Not that this robotic machine was soulless — not when so many humans’ efforts, hopes and dreams went into it, and traveled with it in spirit.

From such dreams to mission-accomplished reality is the compelling tale of Chasing New Horizons: Inside the Epic First Mission to Pluto by Alan Stern and David Grinspoon, due May 1 from Picador.

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‘Liquid Sky’ Blu-ray/DVD Review”: Strange Trip

April 24, 2018

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Liquid Sky is one of those movies I can recommend, but with trepidation. That’s because it’s not for everyone — not by a long shot — and I don’t want to encourage the wrong audience, who will hate it. But for those who can handle the film’s perverse pleasures — namely, its twisted beauty offset by an ugly, corpse-filled, drug-drenched sci-fi plot amid New York’s early ’80s club scene — then this strange trip is for you.

I say this with deference to qualifying remarks because I recall showing another gritty, edgy New York indie to a couple who once visited my wife and me — with emphasis on the word “once,” since we never saw them again. That film was Hedwig and the Angry Inch, which I found to be an inspired rock odyssey of raw yet oddly tender sexual passions. Yet if you’ve seen it, you know that Hedwig isn’t for everyone, either.

So for Liquid Sky (slang for heroin), you’re both warned and encouraged. As a Rocky Horror sign would say, enter at your own risk.

Due April 24 in a Blu-ray/DVD combo pack from Vinegar Syndrome, this 1982 film is as strange as they come. How strange?

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‘Peyton Place: Part Three’ DVD Review: Sudser Wonder

March 25, 2018

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To paraphrase a classic line by a star of TV’s Peyton Place in a later role, what can you say about a decades-old TV series that dies?

Peyton Place has died several times, in fact, not only with its cancellation by ABC after 514 episodes in 1969, but also, in effect, after the first two volumes of 30-plus episodes premiered on DVD in 2009.

Since then it’s been an eight-year wait for this week’s release of Peyton Place: Part Three, offering 33 more segments of the durable nighttime soap opera based on the 1956 novel Peyton Place by Grace Metalious and the 1957 film starring Lana Turner.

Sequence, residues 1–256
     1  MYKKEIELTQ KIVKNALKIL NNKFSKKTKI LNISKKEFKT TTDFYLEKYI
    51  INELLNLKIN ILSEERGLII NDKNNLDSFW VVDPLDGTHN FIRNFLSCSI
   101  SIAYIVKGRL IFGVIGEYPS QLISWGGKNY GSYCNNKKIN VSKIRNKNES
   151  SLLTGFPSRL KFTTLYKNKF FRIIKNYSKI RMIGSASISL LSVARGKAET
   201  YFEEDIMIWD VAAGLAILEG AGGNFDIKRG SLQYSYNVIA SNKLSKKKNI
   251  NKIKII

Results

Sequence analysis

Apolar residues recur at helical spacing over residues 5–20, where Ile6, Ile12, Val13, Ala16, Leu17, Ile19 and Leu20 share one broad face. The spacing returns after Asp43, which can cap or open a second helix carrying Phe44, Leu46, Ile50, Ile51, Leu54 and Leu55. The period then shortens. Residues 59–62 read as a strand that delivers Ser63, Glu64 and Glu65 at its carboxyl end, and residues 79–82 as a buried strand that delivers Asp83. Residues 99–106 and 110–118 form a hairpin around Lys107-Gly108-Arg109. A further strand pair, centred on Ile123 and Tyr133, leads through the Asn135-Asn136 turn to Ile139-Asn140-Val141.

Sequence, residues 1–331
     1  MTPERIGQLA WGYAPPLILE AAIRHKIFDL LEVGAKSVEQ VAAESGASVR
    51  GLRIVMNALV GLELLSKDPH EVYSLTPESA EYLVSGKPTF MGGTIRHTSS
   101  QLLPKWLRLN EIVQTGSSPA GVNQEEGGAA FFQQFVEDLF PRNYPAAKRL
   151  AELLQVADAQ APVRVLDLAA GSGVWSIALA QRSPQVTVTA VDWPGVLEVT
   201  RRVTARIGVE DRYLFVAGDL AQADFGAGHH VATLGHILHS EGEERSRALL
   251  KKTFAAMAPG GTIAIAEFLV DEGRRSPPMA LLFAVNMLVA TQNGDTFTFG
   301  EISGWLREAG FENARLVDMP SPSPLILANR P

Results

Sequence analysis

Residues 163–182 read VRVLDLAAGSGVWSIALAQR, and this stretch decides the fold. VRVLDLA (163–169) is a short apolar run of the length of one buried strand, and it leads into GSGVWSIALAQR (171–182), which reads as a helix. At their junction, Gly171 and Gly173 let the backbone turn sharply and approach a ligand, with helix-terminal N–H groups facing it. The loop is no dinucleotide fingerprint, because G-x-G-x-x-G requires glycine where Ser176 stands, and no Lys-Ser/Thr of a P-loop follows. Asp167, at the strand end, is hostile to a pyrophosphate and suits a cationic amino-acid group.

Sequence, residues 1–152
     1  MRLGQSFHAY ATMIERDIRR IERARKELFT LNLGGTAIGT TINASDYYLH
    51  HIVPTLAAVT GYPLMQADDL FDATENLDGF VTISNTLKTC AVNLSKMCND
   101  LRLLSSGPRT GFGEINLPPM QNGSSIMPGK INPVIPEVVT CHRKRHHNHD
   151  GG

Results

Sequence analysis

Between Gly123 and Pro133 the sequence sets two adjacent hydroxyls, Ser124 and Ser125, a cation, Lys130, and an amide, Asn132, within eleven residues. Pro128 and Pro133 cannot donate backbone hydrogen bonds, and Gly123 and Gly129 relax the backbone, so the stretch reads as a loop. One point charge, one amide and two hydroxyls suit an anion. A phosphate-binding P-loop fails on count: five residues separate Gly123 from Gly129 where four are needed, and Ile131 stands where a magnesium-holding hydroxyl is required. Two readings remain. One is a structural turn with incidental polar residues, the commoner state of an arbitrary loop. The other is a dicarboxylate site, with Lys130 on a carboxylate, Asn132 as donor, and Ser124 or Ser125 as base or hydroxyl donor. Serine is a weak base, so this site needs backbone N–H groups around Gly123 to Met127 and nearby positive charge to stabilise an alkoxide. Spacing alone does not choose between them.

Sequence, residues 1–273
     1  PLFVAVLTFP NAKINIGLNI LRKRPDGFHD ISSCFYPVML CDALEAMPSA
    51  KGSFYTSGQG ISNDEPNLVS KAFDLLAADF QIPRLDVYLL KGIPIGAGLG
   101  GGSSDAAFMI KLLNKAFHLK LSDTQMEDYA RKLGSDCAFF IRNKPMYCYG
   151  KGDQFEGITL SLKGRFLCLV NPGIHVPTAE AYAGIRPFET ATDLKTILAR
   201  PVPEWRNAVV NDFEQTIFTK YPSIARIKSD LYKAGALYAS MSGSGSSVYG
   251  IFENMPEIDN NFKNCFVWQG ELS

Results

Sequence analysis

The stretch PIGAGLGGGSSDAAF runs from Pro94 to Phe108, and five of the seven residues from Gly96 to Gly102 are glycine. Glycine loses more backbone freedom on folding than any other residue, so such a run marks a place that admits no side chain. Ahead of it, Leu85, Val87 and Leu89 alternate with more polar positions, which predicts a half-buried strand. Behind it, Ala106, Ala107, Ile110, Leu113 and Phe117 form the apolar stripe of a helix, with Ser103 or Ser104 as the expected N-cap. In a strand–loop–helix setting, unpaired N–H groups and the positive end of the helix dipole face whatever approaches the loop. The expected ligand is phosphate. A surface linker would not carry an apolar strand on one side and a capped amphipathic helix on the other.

And happily, the sudser series of personal dramas in a quaint (on the surface) New England town will be back beyond that.

On June 26 Shout! Factory will release Peyton Place: Part Four. That will complete the show’s lengthy (114-episode) first season and start its second.

How did Peyton Place manage so many episodes in five seasons? Critically panned but an immediate hit for fledgling ABC, which needed it, Peyton Place aired for two and then three nights per week and had no summer hiatus. (Color episodes began in 1966.)

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‘Macon County Line’ Blu-ray Review: Jethro Goes Loco

January 11, 2018

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The Jan. 16 release of Shout! Factory’s Blu-ray debut of Macon County Line is not apt to draw nearly the same heat as the low-budget movie’s original theatrical run in 1974.  Back then, raw ’70s filmmaking was beginning to bloom, and indie productions with expanded limits of sex and violence could make waves amid the studio big boys.

Macon County Line, in fact, became the biggest grossing independently produced film of that year. And to think: it was written and produced by Jethro — that is, actor Max Baer Jr., billed here simply as Max Baer, who went solo as a filmmaker shortly after the nine-season run of The Beverly Hillbillies ended in 1971.

Baer also appears in the film as a small-town Southern sheriff in 1954 who doesn’t take kindly to three drifters: brothers with two weeks to kill before reporting for military duty and a girl they pick up on a hell-raising yet harmless uneasy ride through the Deep South.

After a slow slog at the start, the film picks up when the trio are mistakenly perceived by Baer as responsible for a heinous crime. Much fear, loathing and gun-totin’ violence ensues, with Baer’s lawman going full-bore, shotgun-blasting loco.

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‘Matinee’ Blu-ray Review: How I Saved the Galaxy

January 8, 2018

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Any review by me of Shout! Factory’s excellent new Blu-ray debut of 1993’s Matinee must begin with the frightening truth: I battled Mant, the title monster of the movie within the movie, thus saving the galaxy. Or something.

Actually, it was all just another day at the office back when I was covering film and entertainment for the Houston Chronicle. In the fine hammy showmanship tradition celebrated by Matinee itself, Universal sent someone in a “half man, half ant — all terror!” costume to the newspaper, where the famous battle occurred, as seen above.

Silly, right? But also great fun, as is Matinee, despite the fact that it opened with a thud. Universal was stumped on how to sell director Joe Dante’s picture, which certainly fit no readily exploitable mold.

Horror movie? No — just an affectionate mocking of the genre. Comedy? Yes, but the very real threat of atomic bomb annihilation also hovered over the proceedings, with 1941-style panic (and we all know how that Spielberg film fared at the b.o.).

In truth, Matinee (due at retail on Jan. 15) was more of a nostalgia piece for Baby Boomers who remembered A-bomb “duck and cover” drills, the scariness of 1962’s Cuban Missile Crisis, the big bug movies of the ’50s and perhaps even the showmanship of film producer William Castle,  channeled by the producer played by John Goodman in Matinee.